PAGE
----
With changes in dietary habits and the implementation of neonatal hepatitis B virus (HBV) vaccination for years, infections by aflatoxin and HBV have been effectively controlled [15, 16]. The trend analyzed from Qidong, Jiangsu showed that the age-standardized rate is decreasing, whereas the crude incidence of liver cancer is still increasing mainly because of population aging . To decrease the incidence and mortality in males and in rural areas, targeted prevention, early detection, and treatment programs should be carried out, enhancing secondary prevention based on strengthening primary prevention.
W-QC and H-MZ conceived of the study and participated in its design and coordination. R-SZ and S-WZ performed the statistical analyses and interpretation. T-TZ drafted the manuscript. All authors read and approved the final manuscript.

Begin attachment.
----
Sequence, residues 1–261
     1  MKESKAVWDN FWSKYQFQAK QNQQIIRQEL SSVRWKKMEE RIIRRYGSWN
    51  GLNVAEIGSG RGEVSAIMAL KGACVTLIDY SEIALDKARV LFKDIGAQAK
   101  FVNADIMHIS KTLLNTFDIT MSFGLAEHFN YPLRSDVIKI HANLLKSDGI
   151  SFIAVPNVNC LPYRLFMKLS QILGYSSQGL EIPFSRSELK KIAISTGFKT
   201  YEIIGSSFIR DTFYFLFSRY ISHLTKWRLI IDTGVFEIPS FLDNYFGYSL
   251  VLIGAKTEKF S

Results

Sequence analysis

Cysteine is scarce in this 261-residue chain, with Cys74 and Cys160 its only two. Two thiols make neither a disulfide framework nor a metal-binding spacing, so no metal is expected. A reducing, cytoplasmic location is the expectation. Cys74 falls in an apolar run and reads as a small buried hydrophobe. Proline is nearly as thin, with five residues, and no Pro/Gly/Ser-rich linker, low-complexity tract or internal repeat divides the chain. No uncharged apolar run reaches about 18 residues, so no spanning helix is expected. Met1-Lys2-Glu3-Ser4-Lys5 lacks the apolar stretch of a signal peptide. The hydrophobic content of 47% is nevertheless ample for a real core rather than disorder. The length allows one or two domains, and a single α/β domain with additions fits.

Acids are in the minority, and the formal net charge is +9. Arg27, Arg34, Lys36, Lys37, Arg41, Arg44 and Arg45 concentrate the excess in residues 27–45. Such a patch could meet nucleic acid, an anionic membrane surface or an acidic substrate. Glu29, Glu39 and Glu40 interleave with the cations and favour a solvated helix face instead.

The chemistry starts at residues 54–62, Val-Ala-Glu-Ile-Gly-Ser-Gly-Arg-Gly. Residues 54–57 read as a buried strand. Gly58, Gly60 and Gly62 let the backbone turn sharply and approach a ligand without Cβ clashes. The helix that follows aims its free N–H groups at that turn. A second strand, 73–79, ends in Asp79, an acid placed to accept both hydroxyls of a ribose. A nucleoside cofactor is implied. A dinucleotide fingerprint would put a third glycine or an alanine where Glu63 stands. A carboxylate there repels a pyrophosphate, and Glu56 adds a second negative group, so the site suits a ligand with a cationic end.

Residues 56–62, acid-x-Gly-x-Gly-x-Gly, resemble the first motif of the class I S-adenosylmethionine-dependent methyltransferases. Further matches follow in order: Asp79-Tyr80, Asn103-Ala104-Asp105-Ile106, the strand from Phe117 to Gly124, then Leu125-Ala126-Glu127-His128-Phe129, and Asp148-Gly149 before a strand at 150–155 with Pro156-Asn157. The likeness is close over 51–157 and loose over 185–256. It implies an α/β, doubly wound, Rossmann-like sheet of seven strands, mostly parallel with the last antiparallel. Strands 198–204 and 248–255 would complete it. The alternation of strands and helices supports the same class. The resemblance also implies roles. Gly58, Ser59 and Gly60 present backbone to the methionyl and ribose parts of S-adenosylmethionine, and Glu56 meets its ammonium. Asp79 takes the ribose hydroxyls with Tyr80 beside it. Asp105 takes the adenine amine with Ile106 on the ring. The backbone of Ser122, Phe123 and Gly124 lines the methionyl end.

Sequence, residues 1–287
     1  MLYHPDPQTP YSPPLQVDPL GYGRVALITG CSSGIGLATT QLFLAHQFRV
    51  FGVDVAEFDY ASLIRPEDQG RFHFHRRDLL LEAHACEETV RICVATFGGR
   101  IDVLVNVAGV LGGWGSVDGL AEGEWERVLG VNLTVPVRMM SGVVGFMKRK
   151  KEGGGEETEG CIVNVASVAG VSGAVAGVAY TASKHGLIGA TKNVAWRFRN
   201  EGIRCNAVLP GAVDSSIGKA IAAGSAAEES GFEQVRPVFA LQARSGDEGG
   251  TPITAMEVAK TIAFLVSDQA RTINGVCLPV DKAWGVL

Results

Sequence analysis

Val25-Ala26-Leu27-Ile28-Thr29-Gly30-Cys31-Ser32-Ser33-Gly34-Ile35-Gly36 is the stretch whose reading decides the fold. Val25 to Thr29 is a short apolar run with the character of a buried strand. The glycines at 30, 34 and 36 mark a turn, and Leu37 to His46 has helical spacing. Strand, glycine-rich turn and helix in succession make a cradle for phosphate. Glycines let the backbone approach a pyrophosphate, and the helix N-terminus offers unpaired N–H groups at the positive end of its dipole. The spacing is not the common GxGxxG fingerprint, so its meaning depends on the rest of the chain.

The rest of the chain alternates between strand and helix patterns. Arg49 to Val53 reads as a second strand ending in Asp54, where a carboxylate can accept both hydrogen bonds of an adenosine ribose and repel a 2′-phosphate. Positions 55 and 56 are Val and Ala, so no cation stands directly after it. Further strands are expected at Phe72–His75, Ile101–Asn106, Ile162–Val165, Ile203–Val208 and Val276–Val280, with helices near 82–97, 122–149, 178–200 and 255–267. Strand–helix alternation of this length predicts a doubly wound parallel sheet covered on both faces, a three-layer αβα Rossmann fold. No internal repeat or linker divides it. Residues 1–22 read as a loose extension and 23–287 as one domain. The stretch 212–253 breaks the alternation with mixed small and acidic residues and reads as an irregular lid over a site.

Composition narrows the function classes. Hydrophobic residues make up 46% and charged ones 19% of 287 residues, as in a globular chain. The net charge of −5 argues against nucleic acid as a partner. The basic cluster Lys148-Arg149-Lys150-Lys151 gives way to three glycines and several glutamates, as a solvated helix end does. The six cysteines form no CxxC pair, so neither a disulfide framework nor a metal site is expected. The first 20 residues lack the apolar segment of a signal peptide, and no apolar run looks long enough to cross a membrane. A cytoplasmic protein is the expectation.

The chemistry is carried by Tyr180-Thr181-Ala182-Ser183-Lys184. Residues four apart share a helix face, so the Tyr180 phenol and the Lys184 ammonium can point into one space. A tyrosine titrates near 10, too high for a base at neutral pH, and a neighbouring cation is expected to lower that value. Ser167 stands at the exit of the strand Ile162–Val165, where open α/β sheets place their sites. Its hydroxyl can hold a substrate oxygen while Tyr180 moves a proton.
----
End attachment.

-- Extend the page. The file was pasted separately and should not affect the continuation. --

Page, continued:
We gratefully acknowledged the cooperation of all the population-based cancer registries in providing cancer statistics, data collection, sorting, verification, and database creation.
The authors declare that they have no competing interests.